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Leave and absence: How to bridge the bank holiday gap

5 September 2023 6 min read

leave and absence

September’s here, and there are no more UK bank holidays or public holidays for the rest of the year until Christmas. That creates a bank holiday gap between now and the end of the year – which poses a few questions and challenges when it comes to how employees experience absence and use leave throughout the rest of the year.

With a lack of pre-set holidays during the rest of 2023’s calendar, employees might struggle to use up what remains of their annual leave allowance as the year draws to a close.

What’s more, there’s a good chance your organisation will see a spike in absences during the autumn and winter months. It’s flu season, so sickness might be higher than normal, and with children returning to school, employees who are parents might need to juggle extra childcare duties and school-runs.

So, what do HR and people managers need to be aware of at this time of year, and how can they support their teams and the business?

Having a handle on holidays

With the majority of the UK’s public and bank holidays occurring during the first eight months of the year, it’s common for employees to tag on extra annual leave days to maximise the use of their holiday allowance. You’ve probably seen many articles along the lines of “How to turn 19 days of annual leave into 48 days off this year” – and many employees do choose the use their leave entitlement in this way.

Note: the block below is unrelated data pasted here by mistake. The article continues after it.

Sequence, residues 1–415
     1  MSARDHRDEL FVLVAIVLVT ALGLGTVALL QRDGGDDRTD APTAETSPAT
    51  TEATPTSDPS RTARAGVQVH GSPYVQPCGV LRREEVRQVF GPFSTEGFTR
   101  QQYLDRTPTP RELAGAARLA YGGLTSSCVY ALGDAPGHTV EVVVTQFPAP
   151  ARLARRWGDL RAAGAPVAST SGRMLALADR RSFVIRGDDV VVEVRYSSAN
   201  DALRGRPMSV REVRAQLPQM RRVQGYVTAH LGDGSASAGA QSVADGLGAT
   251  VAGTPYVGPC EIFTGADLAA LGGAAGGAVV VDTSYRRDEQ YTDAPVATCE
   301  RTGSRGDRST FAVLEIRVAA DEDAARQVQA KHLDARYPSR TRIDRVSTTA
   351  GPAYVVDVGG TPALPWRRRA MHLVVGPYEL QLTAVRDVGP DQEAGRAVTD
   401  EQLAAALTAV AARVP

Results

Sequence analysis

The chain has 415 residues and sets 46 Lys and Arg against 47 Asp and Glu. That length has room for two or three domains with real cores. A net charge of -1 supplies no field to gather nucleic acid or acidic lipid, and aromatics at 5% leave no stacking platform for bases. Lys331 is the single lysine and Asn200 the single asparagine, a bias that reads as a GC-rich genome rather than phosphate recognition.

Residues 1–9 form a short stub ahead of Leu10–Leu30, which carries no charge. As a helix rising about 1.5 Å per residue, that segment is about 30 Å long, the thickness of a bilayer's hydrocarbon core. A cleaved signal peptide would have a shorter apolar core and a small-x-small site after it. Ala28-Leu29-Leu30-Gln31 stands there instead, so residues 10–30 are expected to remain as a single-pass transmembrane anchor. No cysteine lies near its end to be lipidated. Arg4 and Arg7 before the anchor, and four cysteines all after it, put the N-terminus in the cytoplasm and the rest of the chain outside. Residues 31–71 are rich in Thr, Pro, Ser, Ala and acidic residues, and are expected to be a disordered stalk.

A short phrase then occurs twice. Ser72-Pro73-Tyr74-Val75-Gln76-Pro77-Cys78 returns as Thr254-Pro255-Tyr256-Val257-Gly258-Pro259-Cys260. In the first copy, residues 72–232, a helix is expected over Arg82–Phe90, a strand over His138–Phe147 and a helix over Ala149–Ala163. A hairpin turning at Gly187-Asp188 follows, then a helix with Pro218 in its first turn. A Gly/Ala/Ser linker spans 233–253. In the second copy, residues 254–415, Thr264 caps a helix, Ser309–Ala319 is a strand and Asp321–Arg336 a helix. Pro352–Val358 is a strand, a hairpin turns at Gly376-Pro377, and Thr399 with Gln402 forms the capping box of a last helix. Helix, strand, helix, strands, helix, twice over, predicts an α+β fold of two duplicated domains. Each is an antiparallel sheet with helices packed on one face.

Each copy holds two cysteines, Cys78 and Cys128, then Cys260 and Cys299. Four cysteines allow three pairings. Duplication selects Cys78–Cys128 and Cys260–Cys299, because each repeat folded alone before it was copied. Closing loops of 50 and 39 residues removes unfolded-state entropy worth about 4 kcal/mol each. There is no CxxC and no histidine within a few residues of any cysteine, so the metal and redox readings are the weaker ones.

That means, however, that during the final four months of the year, employees could be left with a backlog of annual leave days to book in.

And depending on your policies surrounding annual leave carryover, employees might lose those unused days, or create a headache for HR in manually reviewing, checking and updating everyone’s carryover allowances.

Performing a review of employees’ annual leave usage this year to date will help to shed light on who has used all of their holiday so far,  and who has a significant amount left to use. For any employees in the latter category, enable your people managers to have conversations with those individuals – it’s an opportunity to encourage them to use up their remaining leave allowance, or find out why they might be saving it up or struggling to make use of it.

You might even consider introducing a flexible bank holiday policy – allowing employees to choose when they would like to use their bank holiday and public holiday days, rather than sticking to the pre-determined dates. Doing so supports greater cultural inclusivity within the workplace, since the majority of the bank holidays in England and Wales recognise events in the Christian calendar.


Listen to our webinar discussing the benefits and challenges of creating a flexible bank holiday policy here!

Managing absence and team resource

As the autumn and winter approaches, you might see sickness absences increase within your teams. We know that employees will need to take time off work to recover from illness from time to time, but it can be more prevalent at this time of year onwards.

How can your organisation prepare for any increases in absence, and resource plan accordingly so that workflows and targets stay on track?

This is where having access to, and analysing your people data becomes an incredibly powerful tool for managing absence effectively.